So, I am here to say “YES-to-LOVE”, “ДA… до Любовью” to all the citizens across the whole Russian Federation, and the whole Russian speaking world as they start this dialogue that was not so easy in the “West” in settled democracies.

ДA… до России…”Yes to Russia” “Yes to Ukraine”

As it says in the Bible:

“Твой народ стал моим народом”

“Your people are my people”

(10)    Poet Dean Atta “To LGBT Russia with Love”

They create hate

To separate

And scapegoat us

Wherever we are

From Russia to Nigeria

The Kremlin

To the National Assembly

The law denies us equality

To be attacked

Or beaten in the street

Is a part of our reality

Even here in the UK

That has happened to me

Where there are laws to protect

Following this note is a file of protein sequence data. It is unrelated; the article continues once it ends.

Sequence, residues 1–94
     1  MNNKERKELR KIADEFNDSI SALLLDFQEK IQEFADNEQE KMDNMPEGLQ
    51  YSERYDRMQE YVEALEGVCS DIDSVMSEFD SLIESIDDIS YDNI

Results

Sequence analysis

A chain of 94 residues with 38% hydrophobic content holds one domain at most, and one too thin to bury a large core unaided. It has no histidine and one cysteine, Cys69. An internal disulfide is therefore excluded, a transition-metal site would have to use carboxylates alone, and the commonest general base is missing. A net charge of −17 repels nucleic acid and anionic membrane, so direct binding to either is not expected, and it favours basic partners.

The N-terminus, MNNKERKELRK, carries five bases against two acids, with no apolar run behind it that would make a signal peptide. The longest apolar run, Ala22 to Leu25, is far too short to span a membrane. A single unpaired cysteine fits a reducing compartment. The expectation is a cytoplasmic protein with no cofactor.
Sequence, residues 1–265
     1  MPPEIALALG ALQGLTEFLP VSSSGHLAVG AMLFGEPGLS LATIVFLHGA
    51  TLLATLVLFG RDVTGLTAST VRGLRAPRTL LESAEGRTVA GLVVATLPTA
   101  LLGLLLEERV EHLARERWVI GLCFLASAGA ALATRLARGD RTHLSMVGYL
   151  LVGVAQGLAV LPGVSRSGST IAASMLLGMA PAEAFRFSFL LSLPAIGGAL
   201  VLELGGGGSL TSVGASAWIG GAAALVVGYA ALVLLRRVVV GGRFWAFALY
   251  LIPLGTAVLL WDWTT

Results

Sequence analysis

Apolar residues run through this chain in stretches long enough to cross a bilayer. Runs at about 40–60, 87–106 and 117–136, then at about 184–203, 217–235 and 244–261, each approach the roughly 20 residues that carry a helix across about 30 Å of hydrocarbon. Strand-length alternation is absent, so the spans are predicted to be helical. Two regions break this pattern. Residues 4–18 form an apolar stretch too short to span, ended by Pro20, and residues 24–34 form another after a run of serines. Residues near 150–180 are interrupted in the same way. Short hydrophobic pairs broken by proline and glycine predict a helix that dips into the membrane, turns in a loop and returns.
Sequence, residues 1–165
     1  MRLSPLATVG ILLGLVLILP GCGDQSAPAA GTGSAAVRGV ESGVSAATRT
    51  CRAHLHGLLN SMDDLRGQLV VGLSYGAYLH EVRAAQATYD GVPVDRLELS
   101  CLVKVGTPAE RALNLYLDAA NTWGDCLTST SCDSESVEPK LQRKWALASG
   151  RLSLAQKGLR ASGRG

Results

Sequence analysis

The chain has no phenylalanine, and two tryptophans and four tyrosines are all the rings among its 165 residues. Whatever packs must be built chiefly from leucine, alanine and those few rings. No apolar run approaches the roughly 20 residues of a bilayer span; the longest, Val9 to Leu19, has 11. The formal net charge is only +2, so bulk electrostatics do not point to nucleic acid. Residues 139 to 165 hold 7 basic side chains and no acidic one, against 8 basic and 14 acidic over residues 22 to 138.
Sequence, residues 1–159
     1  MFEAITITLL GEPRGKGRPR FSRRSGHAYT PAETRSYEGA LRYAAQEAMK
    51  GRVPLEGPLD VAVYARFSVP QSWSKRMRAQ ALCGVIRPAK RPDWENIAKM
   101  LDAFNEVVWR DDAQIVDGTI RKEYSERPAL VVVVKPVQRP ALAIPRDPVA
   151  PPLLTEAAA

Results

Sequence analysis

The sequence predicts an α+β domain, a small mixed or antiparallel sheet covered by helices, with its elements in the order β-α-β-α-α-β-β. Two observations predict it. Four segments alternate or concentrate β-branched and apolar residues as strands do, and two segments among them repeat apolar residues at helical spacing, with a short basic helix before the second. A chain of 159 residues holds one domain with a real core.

Doesn’t make us free to express

Who we were born to be

Whether you are L, G, B or T

We are a community, by necessity

When any one of us is persecuted

We should all take it personally

We are a family

Dysfunctional like all the rest

Not the worst and not the best

Not cursed and not blessed

Just people

Who deserve to be equal

Because we all are

Just people

Teachers, doctors, engineers

Athletes, actors, not puffs and queers

Not trannies, not faggots, not dykes

Just human beings

With human rights

If I say your country

Would be poorer without you

And your life

Would be richer elsewhere

Is that fair?

Because if your country

Has your heart

Who am I to tell you to leave?

We have to be

The change we want to see

Not hide or run but overcome

And yes it’s easy for me to say

Here in the UK

I don’t have to live in fear everyday

So I wouldn’t blame you

If you didn’t stay From Moscow, Russia to Kingston, JA

I don’t know what I’d do

In your position

All I’ve done here is sign a petition

Write a poem and tweet about it